Apr 202012
 

Earlier this week, someone posted this article — $5 million in revenues, 3 years in business, 4 lessons learned: Tips from a successful startup CEO — to OProducers. Santiago Valenzuela quickly responded with the following really useful comments. (I’m reposting them with his permission.)

I really dislike super-generalized “tips” like that. I often find it’s either uselessly general (“Be flexible”) or simply not really useful (“It’s possible to succeed in a recession” — this isn’t news, as evidenced by this 4 year old article.)

I’m nowhere near as successful as that guy, but here’s what I’m learning in my office furniture business. Different observations are, obviously, quite welcome:

1. Focus on what’s important: profits.

Being a small biz guy, everything is held together by bubble gum and shoe string. It’s easy to get lost improving little things and not focusing on the big picture, which is the next action that will move a customer to a sale. For me, that means keeping my name out there on online sites like craigslist and responding promptly to sales calls and emails. For you it might mean something else, but if you’re rearranging chairs instead of doing that, stop. You can literally spend 24 hours a day improving your business, but you need to focus on what’s important — which is making profit, not looking pretty.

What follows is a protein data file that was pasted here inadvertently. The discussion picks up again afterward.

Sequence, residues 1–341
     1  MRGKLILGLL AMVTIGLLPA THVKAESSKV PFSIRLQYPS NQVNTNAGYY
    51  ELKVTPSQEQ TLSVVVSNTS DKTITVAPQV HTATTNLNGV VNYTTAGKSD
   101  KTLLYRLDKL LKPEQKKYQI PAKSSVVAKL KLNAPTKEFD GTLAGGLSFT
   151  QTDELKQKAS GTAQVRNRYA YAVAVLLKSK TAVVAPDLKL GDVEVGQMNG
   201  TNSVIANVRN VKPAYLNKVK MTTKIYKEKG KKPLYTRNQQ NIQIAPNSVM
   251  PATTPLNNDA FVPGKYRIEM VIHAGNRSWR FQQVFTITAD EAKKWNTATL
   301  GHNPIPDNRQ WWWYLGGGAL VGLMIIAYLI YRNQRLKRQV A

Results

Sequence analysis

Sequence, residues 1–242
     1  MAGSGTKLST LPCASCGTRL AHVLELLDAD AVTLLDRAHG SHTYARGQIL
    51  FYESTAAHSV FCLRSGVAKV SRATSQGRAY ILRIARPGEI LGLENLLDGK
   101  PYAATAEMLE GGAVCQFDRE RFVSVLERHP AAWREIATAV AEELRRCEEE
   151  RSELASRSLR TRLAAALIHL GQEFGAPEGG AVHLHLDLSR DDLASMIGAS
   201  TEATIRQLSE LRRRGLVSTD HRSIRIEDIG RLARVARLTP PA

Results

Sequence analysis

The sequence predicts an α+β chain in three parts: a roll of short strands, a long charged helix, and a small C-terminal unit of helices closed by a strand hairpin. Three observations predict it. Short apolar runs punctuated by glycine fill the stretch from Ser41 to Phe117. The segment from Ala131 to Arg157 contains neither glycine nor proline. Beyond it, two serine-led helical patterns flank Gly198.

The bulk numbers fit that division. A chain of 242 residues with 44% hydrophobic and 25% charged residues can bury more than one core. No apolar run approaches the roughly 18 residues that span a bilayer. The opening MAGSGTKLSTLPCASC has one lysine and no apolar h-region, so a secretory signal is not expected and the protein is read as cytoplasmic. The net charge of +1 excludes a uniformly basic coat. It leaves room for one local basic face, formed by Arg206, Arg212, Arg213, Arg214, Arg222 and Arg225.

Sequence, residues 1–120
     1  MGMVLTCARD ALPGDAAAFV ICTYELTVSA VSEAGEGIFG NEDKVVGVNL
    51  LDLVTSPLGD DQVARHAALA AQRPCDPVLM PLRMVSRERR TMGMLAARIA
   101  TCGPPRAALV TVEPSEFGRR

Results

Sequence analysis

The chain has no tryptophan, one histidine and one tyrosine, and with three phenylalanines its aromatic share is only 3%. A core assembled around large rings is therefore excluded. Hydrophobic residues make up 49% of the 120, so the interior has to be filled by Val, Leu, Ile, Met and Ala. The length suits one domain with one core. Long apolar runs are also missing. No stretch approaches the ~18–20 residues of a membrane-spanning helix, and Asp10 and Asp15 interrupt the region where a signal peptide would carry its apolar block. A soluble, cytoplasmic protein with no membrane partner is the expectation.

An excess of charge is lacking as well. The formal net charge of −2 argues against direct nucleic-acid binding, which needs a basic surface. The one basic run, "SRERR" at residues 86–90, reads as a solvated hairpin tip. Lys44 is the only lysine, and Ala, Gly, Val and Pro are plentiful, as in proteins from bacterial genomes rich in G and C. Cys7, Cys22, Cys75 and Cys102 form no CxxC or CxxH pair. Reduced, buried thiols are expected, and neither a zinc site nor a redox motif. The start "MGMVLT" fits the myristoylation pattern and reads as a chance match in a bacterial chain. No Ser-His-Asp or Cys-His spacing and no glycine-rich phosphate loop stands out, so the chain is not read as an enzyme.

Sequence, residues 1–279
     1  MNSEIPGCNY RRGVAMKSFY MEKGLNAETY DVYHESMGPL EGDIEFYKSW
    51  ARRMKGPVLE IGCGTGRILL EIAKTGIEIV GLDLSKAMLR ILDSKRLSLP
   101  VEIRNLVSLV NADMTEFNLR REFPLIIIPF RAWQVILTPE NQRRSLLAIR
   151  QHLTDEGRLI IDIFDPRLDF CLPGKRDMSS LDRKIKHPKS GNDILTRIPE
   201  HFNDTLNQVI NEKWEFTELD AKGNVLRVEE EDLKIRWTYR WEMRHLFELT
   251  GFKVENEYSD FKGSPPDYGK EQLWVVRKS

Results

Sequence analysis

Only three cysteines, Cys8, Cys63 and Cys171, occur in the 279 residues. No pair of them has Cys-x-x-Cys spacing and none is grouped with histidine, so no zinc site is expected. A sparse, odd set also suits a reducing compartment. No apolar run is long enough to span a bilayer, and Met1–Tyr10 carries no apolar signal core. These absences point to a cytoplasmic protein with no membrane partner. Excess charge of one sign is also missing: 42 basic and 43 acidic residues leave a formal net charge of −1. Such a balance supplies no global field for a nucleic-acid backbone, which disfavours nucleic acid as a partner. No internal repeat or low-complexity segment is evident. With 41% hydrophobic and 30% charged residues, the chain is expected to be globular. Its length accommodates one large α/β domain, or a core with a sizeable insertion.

I suspect that the thing that is both most important and most likely to get set aside for make-work is sales. Unless you start with significant seed money, you’ll be a salesman, at least at first. If you suck at sales, grab a book (How to Win Friends and Influence People is a great place to start) and learn.

2. Keep your network up.

Approximately 25% of the work I get comes from referrals or returning customers. This is setting up cubicles for offices. It always, always, always requires at least one follow-up phone call. A lot more of your work can come from these, I would bet. Get cards, call people every so often and ask them how they are doing and if they have any additional needs or people they think you would be a good fit with. If you did a good job for them, they like you, and a real person saying “This guy is great” — that is golden advertising that you can’t easily get otherwise.